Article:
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How Air Suspension Systems Work

Air suspension or air spring is a type of vehicle suspension,
That is powered by an air pump or a compressor. They are commonly used in heavy-duty vehicles,
But over the last decade, it has also made its mark in the smaller commercial vehicles.

Air suspension is made of tough rubber and
Plastics inflated at a certain pressure to withstand the shocks. Air springs have various
Advantages over a shock absorber and coil spring arrangement. Several automobile manufacturers use air suspension today
Such as Rolls Royce, Mercedes-Benz, Maybach, Land Rover, Jeep, Lexus, Volkswagen, etc.

Also, read – 5 Suspension Mods You Should NEVER Do To Your Car

Air Suspension System Design:

As already mentioned,
That air suspension is made of tough rubber and plastic (polyurethane)
Bags that are inflated to a correct pressure with the help of a compressor.

The bags come in 3 different shapes:

Double-Convoluted Bag:

This type of bag is in the shape of an hourglass or a double cheeseburger. This provides better lateral flexibility than other types and has more load capacity. It has a short stroke and a progressive spring rate. It is best suited for front suspension.

Rolling Sleeve and Tapered Sleeve Bags:

These have a smaller diameter and also the stroke length is longer. The linear spring rate is higher and more suited for rear-end applications.

Rolling Sleeve
Taper Sleeve

Compressor Motor:

Most of the air suspension systems are provided with an electric compressor motor.
It draws the air from the atmosphere,
Compresses it and then sends the compressed air to inflate the bags through a series of compressed airlines. Apart from compressing the air,
It also maintains the pressure to be supplied to the bags. The pressure has to be varied for different driving conditions. Therefore, the compressor provides a transition in pressure.

In vehicles fitted with an advanced air suspension system,
A separate air tank is provided to maintain the compressed air pressure and
Also, to provide a smoother change in pressure. The pressure of the air might vary from 5 bar to 12 bar and the tank capacity might;
Vary from 7 liters to 20 liters depending on the load that a vehicle carries.

Desiccant Air dryer:

The air drawn from the atmosphere might have moisture which can damage the system. To remove the moisture,
An air dryer is installed to absorb the moisture before it is sent to the system.

Air Lines:

High-pressure lines made of rubber and polyurethane composition are used to;
Carry the compressed air to the bags. Advanced systems often use steel lines.

Valves (Two way or Four-way):

Valves play a crucial role in controlling the amount of air to be supplied to the bags. A two-way valve system uses one valve per axle. During cornering, let’s assume a vehicle taking a left turn; the left airbag will be more compressed than the right airbag. Two-way valve systems allow the air to transfer from left to right,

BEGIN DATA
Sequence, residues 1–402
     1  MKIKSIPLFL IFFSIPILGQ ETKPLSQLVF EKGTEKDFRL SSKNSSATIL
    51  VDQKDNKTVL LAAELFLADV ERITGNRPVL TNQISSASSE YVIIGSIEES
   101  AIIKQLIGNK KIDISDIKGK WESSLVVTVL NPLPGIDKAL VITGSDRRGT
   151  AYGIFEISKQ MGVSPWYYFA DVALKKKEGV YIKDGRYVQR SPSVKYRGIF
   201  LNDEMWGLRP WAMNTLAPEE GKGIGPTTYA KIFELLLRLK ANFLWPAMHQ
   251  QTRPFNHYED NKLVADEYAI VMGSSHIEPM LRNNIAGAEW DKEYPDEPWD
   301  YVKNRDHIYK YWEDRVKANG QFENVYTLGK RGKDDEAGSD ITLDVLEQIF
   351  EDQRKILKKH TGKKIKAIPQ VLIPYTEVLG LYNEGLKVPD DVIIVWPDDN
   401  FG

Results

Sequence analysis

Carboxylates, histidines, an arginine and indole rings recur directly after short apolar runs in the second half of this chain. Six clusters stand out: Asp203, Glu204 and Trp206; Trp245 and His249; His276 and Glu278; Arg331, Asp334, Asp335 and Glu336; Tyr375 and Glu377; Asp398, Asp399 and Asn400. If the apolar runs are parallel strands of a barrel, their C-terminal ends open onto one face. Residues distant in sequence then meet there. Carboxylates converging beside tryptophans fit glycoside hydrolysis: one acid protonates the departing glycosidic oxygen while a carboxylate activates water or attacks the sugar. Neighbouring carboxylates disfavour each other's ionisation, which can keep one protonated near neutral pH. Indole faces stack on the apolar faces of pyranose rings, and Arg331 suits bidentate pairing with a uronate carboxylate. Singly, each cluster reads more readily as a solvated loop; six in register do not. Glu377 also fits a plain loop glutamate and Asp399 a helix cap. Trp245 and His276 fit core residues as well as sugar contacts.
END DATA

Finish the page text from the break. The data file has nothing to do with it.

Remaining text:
Thus, increasing the tendency of body rolls. Body rolls bring a huge disadvantage to an air suspension system.

To overcome the problem, four-way valve systems were introduced. It offered a separate valve for each bag. It also requires a separate airline for each bag,
Hence, canceling the possibility of body rolls due to air suspension.

Electronic Control System (Solenoids):

Solenoids are used to electronically control the amount of air supplied to an airbag.
The electronic control module receives inputs such as ride height,
And pressure through sensors and switches the compressor
ON and OFF as required to vary the pressure.

There is also a completely manual setup to regulate the rife height and pressure. This is done with the help of pneumatic valves.

There are 3 types of Electronic Control Systems

Pressure Based System:

The pressure-based electronic control system relies solely on air pressure inputs. Based on the air pressure inputs,
The control module has to calculate the ride height of the vehicle. It is more of an assumption than calculating the exact ride height value. The system might not perfectly vary the ride height required based on the pressure inputs alone.

Ride Height Based System:

With a ride height control system, the issue of assuming the ride height is overcome. Ride height sensors accurately measure the ride height of the individual wheel. But without a pressure-based system, the vehicle might face cross-loading. Cross loading is the difference in ride height between the tires in one diagonal and the tires in the other diagonal. Two diagonal corner tires might be overinflated
While the other two diagonal corner tires might be underinflated. To overcome the issue,
An air suspensions are fitted with a combo of both pressure-based system and
Ride height based system.

Combo System:

Both the pressure-based system and ride height system are
Installed together to overcome both cross-loading and ride height calculation issues.

Advantages of Air Suspension:

  • Superior ride quality. Passengers won’t feel like their car is being driven over bumps.
  • It can improve towing capabilities
  • It can maintain the firmness of a vehicle when carrying heavy loads.


The only major disadvantage is the cost of buying an air suspension unit. It is mostly used in luxury cars. People who can spend extra money would generally go for this variant. Air suspension is standard in Mercedes S class and Range Rover.

Also, read – How car springs and dampers work

Ekster EU


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